I then made myself available to Westchester, made my family available, and I provided Westchester County, the D.A.'s office with additional information to investigate other potential victims, if they existed. I did everything I was required to do as a D.A., and it's because there's nothing more important to me than protecting children from sex molesters. It's easy.

CUOMO: Now, and that's why this gets so confusing. The other part of the sheriff's allegation is this guy's an illegal immigrant, this is the district attorney, he's putting him up in his house.

LEVY: Listen, it's nonsense. Alex Hossu was in the country for 12 years, had a valid New York state driver's license, he was licensed by the state of Connecticut to own a business, he was married to an American woman.

CUOMO: The feds are after him, though, for being illegally here.

LEVY: No, the feds have issued an ICE hold because yes, because he's not in the country illegally (sic).

CUOMO: Not in the country illegally or legally?

LEVY: He's not in the country legally, correct.

CUOMO: Did you know that?

LEVY: Of course not. He overstayed his visa. I had no idea. Don Smith and his department, they responded last year to Mr. Hossu's house, not my house, Mr. Hossu's house. They went in to respond to a 911 call. They had Mr. Hossu right there, asking him questions, responding. They didn't know he was an illegal immigrant. How should I? It's impossible to know.

CUOMO: Well, unless the guy is a close friend of yours and you would have that kind of a discussion.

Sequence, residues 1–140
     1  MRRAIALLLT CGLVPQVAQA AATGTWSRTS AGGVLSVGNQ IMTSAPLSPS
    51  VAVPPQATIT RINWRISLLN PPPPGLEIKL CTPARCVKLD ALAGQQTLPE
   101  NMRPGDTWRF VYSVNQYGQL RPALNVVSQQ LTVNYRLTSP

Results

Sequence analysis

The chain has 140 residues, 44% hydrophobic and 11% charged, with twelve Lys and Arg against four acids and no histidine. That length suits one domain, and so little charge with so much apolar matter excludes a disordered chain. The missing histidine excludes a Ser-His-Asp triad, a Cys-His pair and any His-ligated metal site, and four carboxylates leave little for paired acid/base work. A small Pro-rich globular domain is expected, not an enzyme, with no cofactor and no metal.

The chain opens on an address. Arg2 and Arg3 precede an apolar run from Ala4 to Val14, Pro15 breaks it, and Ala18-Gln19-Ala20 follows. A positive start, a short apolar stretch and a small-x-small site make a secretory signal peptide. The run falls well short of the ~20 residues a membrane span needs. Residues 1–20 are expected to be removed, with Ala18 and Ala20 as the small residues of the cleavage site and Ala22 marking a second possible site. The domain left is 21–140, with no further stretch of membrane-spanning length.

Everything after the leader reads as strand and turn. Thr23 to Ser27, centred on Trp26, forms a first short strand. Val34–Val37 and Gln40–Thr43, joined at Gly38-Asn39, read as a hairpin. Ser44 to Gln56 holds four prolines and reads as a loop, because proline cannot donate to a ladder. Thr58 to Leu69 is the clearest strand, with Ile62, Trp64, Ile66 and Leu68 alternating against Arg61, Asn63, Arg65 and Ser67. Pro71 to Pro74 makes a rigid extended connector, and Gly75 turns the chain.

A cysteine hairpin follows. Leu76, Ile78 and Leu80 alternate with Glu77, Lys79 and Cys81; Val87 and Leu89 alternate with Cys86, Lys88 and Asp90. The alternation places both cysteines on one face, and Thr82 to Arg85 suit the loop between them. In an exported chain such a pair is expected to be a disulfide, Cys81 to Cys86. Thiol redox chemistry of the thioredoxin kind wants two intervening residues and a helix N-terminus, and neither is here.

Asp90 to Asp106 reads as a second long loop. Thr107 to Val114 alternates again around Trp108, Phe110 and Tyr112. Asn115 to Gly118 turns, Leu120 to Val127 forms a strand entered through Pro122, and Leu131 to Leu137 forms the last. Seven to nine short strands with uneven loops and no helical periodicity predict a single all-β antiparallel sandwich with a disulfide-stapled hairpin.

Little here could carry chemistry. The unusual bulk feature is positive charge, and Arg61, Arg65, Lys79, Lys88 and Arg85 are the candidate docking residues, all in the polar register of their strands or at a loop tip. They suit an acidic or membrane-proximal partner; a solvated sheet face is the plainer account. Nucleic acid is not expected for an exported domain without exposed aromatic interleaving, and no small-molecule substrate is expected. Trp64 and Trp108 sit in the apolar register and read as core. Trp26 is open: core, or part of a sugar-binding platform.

LEVY: If he told me, which he never did. He never did. It's a red herring, it's not the issue. Immigration has conducted an investigation. They have discounted all of Sheriff Smith's allegations. He's presented no evidence at all that I harbored, aided and abetted. Once again it was just his attempt to tarnish my reputation.

CUOMO: So for you, this lawsuit is about your reputation and maintaining it in a public way. There's $5 million attached to the suit. You say there's an explanation for that. You're not looking to get rich here.

LEVY: No, any money I receive from Don Smith, I am donating to the Women's Center for Battered Women and the Child Advocacy Center for children who have been sexually and physically abused. This suit is to hold Don Smith accountable for his lies, his manipulation, which in the end only adversely affect victims of sexual abuse.

CUOMO: And worth the risk of making it attention -- giving it attention like this?

LEVY: Listen, if in fact I did what he accused me of, Chris, would I be shining a light on myself? Would I be bringing this lawsuit or would I be trying to keep it down low? The fact that I am trying to gain attention for what happened is to show what he said was absolutely false.

Think about it, Don Smith, the sheriff of Putnam County, carries a gun, a badge and has the right to take away people's civil liberties. What he falsely accused me of would suggest, if he did it to me he'll do it to you. Be very careful about who you select as your sheriff.

CUOMO: Mr. District Attorney, thank you for being on the show.

LEVY: Thank you very much.

CUOMO: Appreciate it. Kate?

BOLDUAN: Thanks, Chris.

Well, you might think if you take one part raccoon, one part teddy bear that you might have one pretty hard to miss animal, right? Well, this little critter, though, seemed to go undetected until now. Scientists announced this new species of animal, mammal, and it turns out it has been hiding in plain sight. "Early Start" co-anchor John Berman joining us now with more. We can dispute the pronunciation of the name later.


BOLDUAN: Let's get to the nitty-gritty details first.